Tradeshow Speech Accessories Translate Into Winning Event Marketing
People who attended this year’s Consumer Electronics Show in Las Vegas saw speech translation in action in the booth of Lael Alexander, founder and CEO of Noitavonne and renowned as one of the top mobile hardware and software inventors in the world, with some 170 patents to his name. Alexander has won Best Product at CES in six of the past eight years, and this year, his second-place-winning product included automatic voice translation and can stream simultaneous interpretation channels, United Nations style, as well as play music.
Another product was a pair of eyeglasses that translates both what the wearer speaks in real time and the reply from the other person, with the translation available both through dial-in-dial-out telephone and internet audio. The accuracy of the glasses’ speech recognition is breathtaking, mostly due to the premium microphone built into the “screw hole” of the glasses. The microphone preserves the treble and bass in each voice and provides superior noise-canceling. During tests at CES, there were no differences in transcription accuracy between a person wearing these speech glasses and talking in a quiet room versus doing so while walking the loud, raucous CES tradeshow floor.
These glasses demonstrate how speech translation is on the rise as a genre of what could be called “tradeshow accessories,” designed to enhance the visitor’s experience at a booth or demonstration. Such tradeshow accessories have a variety of promotional applications, including automatically translated-and-narrated video clips and sales pitch subtitles. As sales reps speak, a translation of their words appears on monitors and tablets—even on the visitor’s smartphones. There’s also an option to convert to text to speech (TTS), all in basically real time. This process has the added benefit of assuring that the company is ADA-compliant, because the first step to subtitles is the creation of real-time captions.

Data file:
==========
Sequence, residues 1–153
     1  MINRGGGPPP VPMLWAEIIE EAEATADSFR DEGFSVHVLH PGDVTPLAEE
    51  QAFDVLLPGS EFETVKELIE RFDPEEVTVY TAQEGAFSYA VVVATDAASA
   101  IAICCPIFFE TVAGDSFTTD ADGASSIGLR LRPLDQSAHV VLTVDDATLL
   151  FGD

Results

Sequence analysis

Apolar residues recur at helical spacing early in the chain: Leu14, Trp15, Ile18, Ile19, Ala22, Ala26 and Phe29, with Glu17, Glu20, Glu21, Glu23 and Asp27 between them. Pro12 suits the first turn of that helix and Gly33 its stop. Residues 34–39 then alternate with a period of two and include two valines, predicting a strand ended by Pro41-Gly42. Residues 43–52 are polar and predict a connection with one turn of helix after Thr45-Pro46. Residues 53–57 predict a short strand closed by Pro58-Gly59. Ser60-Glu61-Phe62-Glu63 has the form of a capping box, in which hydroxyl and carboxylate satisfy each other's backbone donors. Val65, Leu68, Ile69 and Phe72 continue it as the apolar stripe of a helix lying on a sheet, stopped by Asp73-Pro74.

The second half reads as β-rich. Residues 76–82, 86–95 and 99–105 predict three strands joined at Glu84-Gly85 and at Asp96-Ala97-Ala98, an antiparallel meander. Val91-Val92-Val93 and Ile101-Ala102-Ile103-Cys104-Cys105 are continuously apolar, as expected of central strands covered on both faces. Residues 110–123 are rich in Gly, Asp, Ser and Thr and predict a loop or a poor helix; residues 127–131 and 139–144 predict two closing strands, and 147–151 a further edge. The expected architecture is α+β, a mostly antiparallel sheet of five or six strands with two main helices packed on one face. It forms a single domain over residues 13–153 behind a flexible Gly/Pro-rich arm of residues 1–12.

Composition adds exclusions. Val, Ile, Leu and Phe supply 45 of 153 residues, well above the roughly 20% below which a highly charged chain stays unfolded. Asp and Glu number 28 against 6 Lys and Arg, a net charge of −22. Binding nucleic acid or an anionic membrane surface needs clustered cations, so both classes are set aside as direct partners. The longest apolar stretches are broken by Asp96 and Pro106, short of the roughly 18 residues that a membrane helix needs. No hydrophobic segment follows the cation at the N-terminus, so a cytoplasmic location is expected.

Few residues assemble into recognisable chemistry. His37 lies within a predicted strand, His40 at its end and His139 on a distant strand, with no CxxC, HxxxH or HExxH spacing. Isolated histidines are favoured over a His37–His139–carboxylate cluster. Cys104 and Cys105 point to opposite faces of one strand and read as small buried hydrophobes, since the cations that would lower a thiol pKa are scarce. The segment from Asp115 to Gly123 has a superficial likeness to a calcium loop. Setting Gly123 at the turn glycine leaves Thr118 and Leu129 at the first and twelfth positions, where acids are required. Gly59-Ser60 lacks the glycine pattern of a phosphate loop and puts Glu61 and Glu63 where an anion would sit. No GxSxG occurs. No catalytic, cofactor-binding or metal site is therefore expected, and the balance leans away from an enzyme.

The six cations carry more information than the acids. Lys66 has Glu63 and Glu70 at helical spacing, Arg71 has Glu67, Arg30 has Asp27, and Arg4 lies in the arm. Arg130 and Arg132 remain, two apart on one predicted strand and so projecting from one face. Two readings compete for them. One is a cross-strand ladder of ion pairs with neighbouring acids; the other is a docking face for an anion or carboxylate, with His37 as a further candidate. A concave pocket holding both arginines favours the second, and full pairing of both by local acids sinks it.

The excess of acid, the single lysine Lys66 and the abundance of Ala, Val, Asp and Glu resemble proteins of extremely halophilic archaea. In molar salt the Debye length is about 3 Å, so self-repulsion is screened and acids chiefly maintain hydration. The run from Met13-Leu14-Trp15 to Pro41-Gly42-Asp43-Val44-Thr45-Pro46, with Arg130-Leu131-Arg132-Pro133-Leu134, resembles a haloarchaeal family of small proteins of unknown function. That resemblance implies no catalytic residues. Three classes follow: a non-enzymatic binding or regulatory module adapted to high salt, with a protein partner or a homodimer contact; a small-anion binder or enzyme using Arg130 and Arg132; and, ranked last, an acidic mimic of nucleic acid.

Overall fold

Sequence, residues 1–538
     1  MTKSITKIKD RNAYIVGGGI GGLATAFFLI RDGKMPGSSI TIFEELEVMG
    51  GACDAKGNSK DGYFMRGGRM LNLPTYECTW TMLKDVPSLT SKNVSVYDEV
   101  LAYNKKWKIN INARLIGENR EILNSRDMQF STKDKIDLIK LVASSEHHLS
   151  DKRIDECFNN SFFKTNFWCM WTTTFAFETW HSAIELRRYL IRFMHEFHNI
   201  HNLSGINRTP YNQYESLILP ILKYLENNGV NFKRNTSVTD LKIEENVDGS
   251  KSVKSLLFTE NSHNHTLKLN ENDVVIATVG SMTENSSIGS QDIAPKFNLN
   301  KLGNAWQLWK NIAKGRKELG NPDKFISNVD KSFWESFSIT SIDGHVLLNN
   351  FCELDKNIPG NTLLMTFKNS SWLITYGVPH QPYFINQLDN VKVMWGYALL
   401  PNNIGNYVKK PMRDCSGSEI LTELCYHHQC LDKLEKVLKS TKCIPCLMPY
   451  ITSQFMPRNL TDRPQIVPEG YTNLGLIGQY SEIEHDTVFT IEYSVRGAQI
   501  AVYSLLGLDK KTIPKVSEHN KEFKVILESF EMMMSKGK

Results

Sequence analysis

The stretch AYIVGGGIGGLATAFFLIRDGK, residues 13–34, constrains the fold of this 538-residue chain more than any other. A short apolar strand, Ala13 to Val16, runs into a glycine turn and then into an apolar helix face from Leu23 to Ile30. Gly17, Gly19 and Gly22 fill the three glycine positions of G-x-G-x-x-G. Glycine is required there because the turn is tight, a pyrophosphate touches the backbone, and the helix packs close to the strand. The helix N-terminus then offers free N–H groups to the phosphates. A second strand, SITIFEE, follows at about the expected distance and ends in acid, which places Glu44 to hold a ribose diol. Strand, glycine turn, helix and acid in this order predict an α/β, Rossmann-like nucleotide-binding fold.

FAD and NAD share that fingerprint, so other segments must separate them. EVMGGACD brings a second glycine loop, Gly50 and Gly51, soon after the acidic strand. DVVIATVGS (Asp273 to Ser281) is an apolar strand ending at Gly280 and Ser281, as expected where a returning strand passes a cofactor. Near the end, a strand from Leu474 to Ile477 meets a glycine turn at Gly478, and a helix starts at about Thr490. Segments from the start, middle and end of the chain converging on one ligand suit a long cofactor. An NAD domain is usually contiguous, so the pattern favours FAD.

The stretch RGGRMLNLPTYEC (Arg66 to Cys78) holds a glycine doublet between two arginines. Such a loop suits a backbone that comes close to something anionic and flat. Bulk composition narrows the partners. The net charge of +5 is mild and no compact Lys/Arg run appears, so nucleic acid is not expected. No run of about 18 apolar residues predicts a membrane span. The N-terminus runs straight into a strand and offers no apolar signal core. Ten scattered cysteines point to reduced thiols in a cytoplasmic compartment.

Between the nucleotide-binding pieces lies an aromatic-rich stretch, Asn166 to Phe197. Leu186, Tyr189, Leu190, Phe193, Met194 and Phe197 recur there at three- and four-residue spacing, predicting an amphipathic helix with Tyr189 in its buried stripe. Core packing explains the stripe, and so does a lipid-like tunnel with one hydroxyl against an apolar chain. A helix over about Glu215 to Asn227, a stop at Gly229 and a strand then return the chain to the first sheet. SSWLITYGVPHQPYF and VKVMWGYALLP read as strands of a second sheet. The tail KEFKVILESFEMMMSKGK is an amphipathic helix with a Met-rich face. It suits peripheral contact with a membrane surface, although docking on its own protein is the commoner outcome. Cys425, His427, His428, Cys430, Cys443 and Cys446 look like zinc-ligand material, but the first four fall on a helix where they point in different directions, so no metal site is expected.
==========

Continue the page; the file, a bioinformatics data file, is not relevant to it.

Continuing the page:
The use of subtitles for product demonstrations is a game changer for companies interested in international sales. The demonstrators are often already wearing microphones, and with just a little equipment preplanning, the words of the demonstrator become subtitles. Some rehearsal is required for demonstrators to generate good subtitle translations, but once demonstrators learn to pronounce clearly and slow down, they can expect international audiences to flock to their booths. At a technology tradeshow in San Francisco, an exhibitor had voice-to-subtitles in three languages and played aloud a TTS translation in Mandarin Chinese while demonstrating its product. The booth was swamped with visitors from dawn till dusk, leaving adjacent booths with a trickle of guests.
Side-by-Side Speech Translation Apps
Other tradeshow accessories include side-by-side translation apps that enable a conversation between booth staff and visitors on devices, usually smartphones. With some, the speaker utters one sentence then waits for the translation, but the more advanced types enable a smoother exchange as they detect your language and translate on the fly. The latter type works better in a convention setting because sales staff can speak their pitches as continuous paragraphs. The application breaks up the pitch into usable (playable) sentences spoken as TTS while the pitch continues. Then the language identification switches both the speech recognition engine and translation software when it detects that a visitor has asked a question in a different language.
These side-by-side apps can be used in the onsite registration area, by the conference organizers to answer questions posed by guests and exhibitors, and even by the attendees themselves to speak with one another across languages.
Pre- and Post-Event Speech Accessories
Accessories also exist for use before and after the event itself. Multilanguage customer service chat and speech apps ease communication with overseas exhibitors, freight forwarders, and international registration. For international meeting planners, attempting to speak English to all exhibitors or attendees from abroad generates confusion due to limited vocabulary, heavy accents, and general miscommunication.
For post-event follow-up, audio and video messages as TTS may be sent to attendees thanking them for attending and promoting the next event or viewing of the video archives. A conference’s translated subtitles could be saved in databases along with timecodes and exported as SRT files to overlay on YouTube, Vimeo, and other online video library players.
While the use of speech translation for event marketing is new to major conferences and tradeshows, the future is bright, and as more and more event planners and managers look for ways to win bids and RFPs over competitors, such tools will soon become a decisive factor.
Sue Reager is president of Translate Your World, developers of software for across-language speech communication. Reach her at email@example.com.
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